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Australian telescope maps 3 million galaxies, hoping to reveal the cosmic mystery

Australian scientists use a telescope in remote Australia to map 3 million galaxies in space in just 300 hours, hoping to reveal the mysteries of the universe.

The ASKAP radio telescope located at the Murchison Observatory in western Australia observed about 83% of the sky, mapping about 3 million galaxies in a record short time: 300 hours.

According to the Australian Science Agency (CSIRO) – the unit that develops and operates ASKAP – about 1 million of these galaxies have never been seen before.

“ASKAP is applying the latest in science and technology to answer long-standing questions about the mysteries of the universe, while helping astronomers around the world achieve a breakthrough to solve. their challenge, “said CSIRO chief executive Larry Marshall.

ASKAP glasses map the universe with unprecedented speed and detail. The CSIRO says these results demonstrate that the sky survey can be done in weeks, not years.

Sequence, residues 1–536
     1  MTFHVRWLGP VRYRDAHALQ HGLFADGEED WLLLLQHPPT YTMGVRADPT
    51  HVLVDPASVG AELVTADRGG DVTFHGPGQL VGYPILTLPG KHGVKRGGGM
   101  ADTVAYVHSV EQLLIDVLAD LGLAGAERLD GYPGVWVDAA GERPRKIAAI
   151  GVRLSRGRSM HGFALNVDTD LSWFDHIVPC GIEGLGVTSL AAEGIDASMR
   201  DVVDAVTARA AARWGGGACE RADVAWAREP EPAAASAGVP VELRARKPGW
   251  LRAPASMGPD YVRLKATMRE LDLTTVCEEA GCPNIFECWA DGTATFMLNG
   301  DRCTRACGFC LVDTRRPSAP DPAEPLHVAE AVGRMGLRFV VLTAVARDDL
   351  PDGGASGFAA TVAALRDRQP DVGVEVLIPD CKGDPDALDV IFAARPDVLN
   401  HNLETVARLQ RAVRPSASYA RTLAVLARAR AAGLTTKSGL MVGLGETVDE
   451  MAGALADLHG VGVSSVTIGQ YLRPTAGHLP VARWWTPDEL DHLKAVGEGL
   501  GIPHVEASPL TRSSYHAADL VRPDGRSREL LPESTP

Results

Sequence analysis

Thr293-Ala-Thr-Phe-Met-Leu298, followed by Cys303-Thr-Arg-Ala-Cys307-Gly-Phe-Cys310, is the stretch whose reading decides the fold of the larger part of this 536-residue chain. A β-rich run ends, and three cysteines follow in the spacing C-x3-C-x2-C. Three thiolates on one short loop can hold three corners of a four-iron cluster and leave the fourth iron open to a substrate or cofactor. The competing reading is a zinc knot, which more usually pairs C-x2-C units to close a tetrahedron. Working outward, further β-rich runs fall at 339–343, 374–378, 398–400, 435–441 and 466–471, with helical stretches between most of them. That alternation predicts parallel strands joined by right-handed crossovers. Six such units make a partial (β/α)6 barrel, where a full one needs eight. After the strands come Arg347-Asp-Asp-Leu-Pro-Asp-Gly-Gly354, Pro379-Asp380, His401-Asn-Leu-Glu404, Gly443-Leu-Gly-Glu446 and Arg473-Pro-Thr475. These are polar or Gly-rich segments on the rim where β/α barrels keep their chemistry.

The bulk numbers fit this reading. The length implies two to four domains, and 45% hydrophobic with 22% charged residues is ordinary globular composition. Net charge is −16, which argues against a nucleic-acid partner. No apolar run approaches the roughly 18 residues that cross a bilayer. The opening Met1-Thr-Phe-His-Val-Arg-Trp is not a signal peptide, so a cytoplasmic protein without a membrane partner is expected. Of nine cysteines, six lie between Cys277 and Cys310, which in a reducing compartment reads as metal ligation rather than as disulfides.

The Australian telescope maps 3 million galaxies, hoping to reveal the cosmic mystery

CSIRO astronomer David McConnell expects to find tens of millions of other galaxies in the future.

To do this, ASKAP has an exceptionally wide field of view that enables panoramic images of the sky with an extremely high level of detail. The astronomical team only needs to combine 903 images to form a full map of the sky.

This is also the difference between ASKAP and other large telescopes in the world, according to Guardian newspaper. Accordingly, conventional telescopes need to combine tens of thousands of images to produce sky images similar to ASKAP.

Thereafter, the device customized by the CSIRO processes approximately 13.5 billion gigabytes of raw data captured by ASKAP. Marshall says raw data is processed at a faster rate than all of Australia’s Internet traffic.

Astronomers can now statistic and analyze large populations of galaxies in the same way that social scientists use information from the national census.

Initial results were published December 1 in the academic journal Publications of the Astronomical Society of Australia. Residents can also visit the virtual map on the CSIRO website.

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